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At this site, the SCDEHC considered issuing a health advisory based on the amount of shellfish consumed per time period, but ultimately decided to issue a ban on shell fishing from portions of Shipyard Creek. This action was generated by the increased levels of chromium detected in shellfish samples from the 1997 study sponsored by NOAA and EPA. The FDA's levels of concern for chromium contaminated shellfish are: 12 ppm for blue crabs and shrimp, and 13 ppm for oysters. The analytical results of shellfish samples obtained from Shipyard Creek showed that 15% of the oysters, 26% of the crabs, and 95% of the shrimp contained chromium that exceeded FDA's levels of health concern. Furthermore, shellfish samples from Shipyard Creek contained chromium at concentrations greater than chromium levels detected in control shellfish samples from outside of Shipyard Creek. Because the average concentrations of chromium detected in oysters and crabs do not exceed FDA's levels of health concern for chromium, chronic consumption of oysters and crabs probably do not pose a health threat given that biological chromium III is relatively non-toxic. However, because the average concentration of chromium (27 ppm) detected in shrimp is two times the levels of FDA's level of health concern, chronic human consumption of shrimp from Shipyard Creek, may pose a health threat because people may consume chromium III at toxic levels.

The purpose of the Federal Food, Drug and Cosmetic Act (FD&C Act)is to ensure a safe and wholesome food supply. The FD&C and other related statutes, including the Public Health Service Act provide the regulatory framework under which the FDA assesses the effects of environmental contaminants on the safety of consumption of fish and shellfish. The FDA has set levels of concern for chromium contaminated fish and shellfish, and these values were used by SCDEHC to evaluate the health implications associated with exposure to shellfish from Shipyard Creek (see Attachment 1).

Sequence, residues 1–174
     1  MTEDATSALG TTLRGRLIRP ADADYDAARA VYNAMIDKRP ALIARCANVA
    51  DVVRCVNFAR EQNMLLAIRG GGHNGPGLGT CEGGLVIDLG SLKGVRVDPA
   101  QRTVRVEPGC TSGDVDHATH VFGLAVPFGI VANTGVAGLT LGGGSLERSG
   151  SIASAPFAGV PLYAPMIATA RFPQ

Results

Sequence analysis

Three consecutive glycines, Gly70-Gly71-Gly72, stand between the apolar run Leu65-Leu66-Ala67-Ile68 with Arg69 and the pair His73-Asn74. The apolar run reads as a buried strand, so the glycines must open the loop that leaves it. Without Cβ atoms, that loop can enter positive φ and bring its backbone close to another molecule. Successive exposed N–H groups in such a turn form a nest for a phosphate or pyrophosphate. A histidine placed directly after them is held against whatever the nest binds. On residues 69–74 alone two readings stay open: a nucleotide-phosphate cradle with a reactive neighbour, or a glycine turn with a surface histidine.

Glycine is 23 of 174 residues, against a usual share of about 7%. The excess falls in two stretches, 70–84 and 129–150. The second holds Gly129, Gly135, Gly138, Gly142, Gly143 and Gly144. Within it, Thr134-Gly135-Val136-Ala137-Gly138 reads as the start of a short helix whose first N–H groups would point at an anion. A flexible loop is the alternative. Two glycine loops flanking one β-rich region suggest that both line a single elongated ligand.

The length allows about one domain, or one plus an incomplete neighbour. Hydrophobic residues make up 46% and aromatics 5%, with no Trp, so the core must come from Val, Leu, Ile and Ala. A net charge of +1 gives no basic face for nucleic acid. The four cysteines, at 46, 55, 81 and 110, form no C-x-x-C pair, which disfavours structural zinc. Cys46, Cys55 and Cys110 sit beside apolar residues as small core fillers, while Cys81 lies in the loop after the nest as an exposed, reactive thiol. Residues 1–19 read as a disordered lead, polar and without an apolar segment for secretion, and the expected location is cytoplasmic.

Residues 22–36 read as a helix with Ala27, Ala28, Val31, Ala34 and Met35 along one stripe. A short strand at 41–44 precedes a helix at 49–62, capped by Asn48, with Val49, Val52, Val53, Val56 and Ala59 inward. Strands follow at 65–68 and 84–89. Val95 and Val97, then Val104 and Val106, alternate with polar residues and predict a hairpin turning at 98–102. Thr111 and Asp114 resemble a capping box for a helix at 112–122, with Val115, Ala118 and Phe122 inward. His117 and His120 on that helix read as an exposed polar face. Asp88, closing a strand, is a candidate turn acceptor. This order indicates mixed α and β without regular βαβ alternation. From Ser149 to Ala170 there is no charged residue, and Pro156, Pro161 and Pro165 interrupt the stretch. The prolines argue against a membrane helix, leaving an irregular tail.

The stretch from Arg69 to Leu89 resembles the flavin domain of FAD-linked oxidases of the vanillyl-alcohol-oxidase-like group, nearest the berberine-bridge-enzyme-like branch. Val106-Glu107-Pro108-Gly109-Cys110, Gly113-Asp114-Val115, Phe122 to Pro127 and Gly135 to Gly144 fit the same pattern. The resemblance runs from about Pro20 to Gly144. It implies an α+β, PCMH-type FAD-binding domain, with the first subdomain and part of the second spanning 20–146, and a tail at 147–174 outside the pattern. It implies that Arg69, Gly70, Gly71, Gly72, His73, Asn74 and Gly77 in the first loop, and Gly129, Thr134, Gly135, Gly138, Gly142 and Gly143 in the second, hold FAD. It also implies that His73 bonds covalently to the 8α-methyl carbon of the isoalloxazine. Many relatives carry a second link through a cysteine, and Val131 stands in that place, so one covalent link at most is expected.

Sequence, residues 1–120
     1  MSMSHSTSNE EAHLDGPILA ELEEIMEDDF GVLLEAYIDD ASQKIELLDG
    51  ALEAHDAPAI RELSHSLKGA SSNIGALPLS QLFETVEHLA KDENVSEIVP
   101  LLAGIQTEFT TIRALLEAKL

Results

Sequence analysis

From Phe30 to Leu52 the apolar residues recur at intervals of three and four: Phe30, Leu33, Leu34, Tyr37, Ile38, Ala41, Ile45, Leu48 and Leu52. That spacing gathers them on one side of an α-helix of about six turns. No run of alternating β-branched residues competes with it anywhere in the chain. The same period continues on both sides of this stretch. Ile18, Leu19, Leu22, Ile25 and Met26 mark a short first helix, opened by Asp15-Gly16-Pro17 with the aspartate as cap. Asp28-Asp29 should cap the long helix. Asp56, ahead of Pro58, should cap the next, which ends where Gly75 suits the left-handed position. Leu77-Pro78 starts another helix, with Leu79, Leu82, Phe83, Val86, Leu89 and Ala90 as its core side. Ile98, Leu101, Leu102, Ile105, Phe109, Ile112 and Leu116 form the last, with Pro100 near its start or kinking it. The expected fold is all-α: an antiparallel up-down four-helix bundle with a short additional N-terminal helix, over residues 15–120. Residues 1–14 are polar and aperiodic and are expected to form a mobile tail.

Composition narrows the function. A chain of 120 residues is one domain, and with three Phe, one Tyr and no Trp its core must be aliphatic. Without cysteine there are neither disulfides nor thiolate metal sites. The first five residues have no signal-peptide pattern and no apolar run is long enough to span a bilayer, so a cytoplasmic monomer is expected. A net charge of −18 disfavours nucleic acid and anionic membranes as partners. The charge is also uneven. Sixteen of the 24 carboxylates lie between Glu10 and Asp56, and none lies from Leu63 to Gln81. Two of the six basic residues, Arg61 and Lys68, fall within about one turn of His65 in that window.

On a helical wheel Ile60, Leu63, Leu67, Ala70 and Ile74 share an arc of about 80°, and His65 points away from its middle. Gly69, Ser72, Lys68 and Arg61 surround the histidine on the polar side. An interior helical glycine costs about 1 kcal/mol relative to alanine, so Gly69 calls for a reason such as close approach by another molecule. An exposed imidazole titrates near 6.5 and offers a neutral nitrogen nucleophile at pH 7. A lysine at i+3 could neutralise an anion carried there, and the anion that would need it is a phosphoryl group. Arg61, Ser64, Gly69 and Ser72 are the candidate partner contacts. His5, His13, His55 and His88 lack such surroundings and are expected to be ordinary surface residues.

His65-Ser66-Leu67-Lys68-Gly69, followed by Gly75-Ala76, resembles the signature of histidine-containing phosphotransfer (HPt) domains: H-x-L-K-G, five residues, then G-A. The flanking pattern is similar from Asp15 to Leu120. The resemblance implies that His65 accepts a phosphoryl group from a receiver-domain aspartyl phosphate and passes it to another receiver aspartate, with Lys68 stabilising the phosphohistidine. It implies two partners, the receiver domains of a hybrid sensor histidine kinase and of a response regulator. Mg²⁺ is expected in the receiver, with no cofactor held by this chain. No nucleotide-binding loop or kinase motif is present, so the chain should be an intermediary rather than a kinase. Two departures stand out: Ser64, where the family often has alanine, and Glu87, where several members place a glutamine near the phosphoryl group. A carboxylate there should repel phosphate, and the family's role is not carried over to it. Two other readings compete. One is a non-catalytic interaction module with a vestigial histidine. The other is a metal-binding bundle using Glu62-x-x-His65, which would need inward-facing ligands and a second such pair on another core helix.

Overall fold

The data did not indicate what speciation of chromium was detected in shellfish at this site, however, it is assumed that chromium III was detected because chromium VI is reduced biologically to chromium III. Although in general, chromium III is known to be non-toxic, toxicity depends on the dose, and since shellfish in Shipyard Creek contain chromium at concentrations well above FDA's levels of health concern, there may exist a threat to humans who ingest the shellfish on a frequent basis.

Chromium is a naturally occurring element that is distributed in the air, water, soil, and the earth's crust. The trivalent form and its salts are usually the most stable form of chromium and the main form in plants and animals. At this site, the major route of exposure to chromium is ingestion of contaminated shellfish or gastrointestinal absorption. Chromium VI is more easily absorbed across the GI tract than chromium III, however, chromium VI is reduced biologically to chromium III. The toxicity associated with chromium results primarily from industrial inhalation exposure to chromium VI. Chromium VI compounds are classic skin irritants and sensitivities. Laboratory studies have shown that chromium VI may cause cancer development in mice, at the exposure site, however, these data need to be verified.

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